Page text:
Also, Icelanders use more energy that Americans.
💡The unit measuring electric energy in most utility bills is megawatts/hour (MWh) or kilowatts/ hour (KWh). Icelanders consume about 54,000 KWh per person. The bros don’t talk about that & ask if UFOs are the ones *really* using all this power. (It’s b/c it’s cold there, yo.)
By all means, powering any # of houses w/ green energy is great. Just wish The Bros explained measurements a bit better b/c math is hard & if we're all to switch to green energy in the future we should know a lil bit about how these units work b/c that's how we'll pay for it.
Anyway, so, then Zac asks about any “downsides” to geothermal energy. Sandra says, “um … of course there are always downsides.” She was likely taken aback b/c their groundbreaking (literally) @CarbFix method – which neutralizes CO2 and hydrogen sulfide the station emits.
The Bros go to see how it works. Igloo-shaped domes cover boreholes, where CO2 is injected back into the ground & turned into rock. Darin: “That’s mother earth Bro!” NO! Thats our IMPACT on mother earth, bro. We have to capture our carbon somehow.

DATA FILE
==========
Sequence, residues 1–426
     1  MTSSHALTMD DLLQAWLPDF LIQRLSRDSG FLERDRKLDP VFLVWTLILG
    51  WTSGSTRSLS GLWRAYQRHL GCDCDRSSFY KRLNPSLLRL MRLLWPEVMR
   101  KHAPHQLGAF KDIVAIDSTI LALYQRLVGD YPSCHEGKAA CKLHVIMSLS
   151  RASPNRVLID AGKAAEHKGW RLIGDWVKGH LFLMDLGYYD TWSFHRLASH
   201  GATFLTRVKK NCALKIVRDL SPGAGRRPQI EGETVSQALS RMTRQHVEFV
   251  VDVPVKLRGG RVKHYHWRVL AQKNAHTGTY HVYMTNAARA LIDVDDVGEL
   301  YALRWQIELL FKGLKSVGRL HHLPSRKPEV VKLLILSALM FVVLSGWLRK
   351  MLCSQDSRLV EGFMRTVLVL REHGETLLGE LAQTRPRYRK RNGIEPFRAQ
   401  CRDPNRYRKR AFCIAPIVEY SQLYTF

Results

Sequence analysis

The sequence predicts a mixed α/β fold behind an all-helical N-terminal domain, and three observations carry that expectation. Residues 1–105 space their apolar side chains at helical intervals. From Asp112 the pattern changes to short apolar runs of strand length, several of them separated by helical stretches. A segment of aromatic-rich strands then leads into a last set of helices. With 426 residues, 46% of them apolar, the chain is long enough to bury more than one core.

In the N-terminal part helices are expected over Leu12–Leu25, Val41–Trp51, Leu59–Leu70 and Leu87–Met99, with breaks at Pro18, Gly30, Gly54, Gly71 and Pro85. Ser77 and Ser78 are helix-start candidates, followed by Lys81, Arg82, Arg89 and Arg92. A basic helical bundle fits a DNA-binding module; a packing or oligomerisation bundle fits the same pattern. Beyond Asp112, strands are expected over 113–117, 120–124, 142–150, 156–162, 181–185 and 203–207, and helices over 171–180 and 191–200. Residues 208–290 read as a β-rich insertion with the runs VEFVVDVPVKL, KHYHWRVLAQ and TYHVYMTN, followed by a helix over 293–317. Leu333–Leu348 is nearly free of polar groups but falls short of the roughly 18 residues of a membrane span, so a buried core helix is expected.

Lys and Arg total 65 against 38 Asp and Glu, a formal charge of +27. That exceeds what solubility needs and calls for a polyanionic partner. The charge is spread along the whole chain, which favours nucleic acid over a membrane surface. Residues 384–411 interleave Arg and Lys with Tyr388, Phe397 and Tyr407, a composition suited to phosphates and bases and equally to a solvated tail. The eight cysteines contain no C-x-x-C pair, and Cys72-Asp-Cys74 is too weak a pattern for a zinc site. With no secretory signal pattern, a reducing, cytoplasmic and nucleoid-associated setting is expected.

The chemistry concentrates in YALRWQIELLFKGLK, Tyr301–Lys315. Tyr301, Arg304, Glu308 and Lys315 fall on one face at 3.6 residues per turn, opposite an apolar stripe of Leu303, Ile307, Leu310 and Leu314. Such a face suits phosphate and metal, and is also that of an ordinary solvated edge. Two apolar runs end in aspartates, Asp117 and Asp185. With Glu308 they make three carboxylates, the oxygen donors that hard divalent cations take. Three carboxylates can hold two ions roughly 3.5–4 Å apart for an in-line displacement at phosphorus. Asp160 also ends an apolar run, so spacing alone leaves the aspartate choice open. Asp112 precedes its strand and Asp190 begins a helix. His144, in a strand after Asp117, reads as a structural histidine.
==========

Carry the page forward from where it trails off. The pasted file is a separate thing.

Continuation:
But @DarinOlien finally chimes in with some insight, “This could be an answer for many industries around the world that have excess CO2.”

Honestly, while more could be explained, like @CarbFix, I’m just glad they got some exposure on this show.
Ok, last tangent. Toward the end of the episode The Bros visit Gullfoss Falls, a popular tourist attraction. The Bros appear to open this bit by doing what so many tourists do wrong: Go to unsanctioned areas. This is damaging to the natural landscape & is just dangerous for folx.
An alleged employee of Iceland's Enviro Agency says they’re on a “cliff zone" & brings The Bros to a viewpoint & gives some stats in meters. This baffles The Bros who didn’t Google the metric system before the interview. But they did Google how many people visit per year: 1.34M.
As I step down from my soapbox, you may be wondering: is she bias against The Bros? And the answer is: Yes, she is. Too long has the environmental movement and its leadership been white and male. And while this docu-series not only lacks good info, it also lacks representation.
TLDR: #DownToEarth E1 highlights viable green energy solutions. But for whom? Zac says, “Electricity is easy to take for granted.” But it’s not for anyone who just barely paid their utility bill. Bros soaking in the Blue Lagoon, riffing on solutions isn't relatable for most.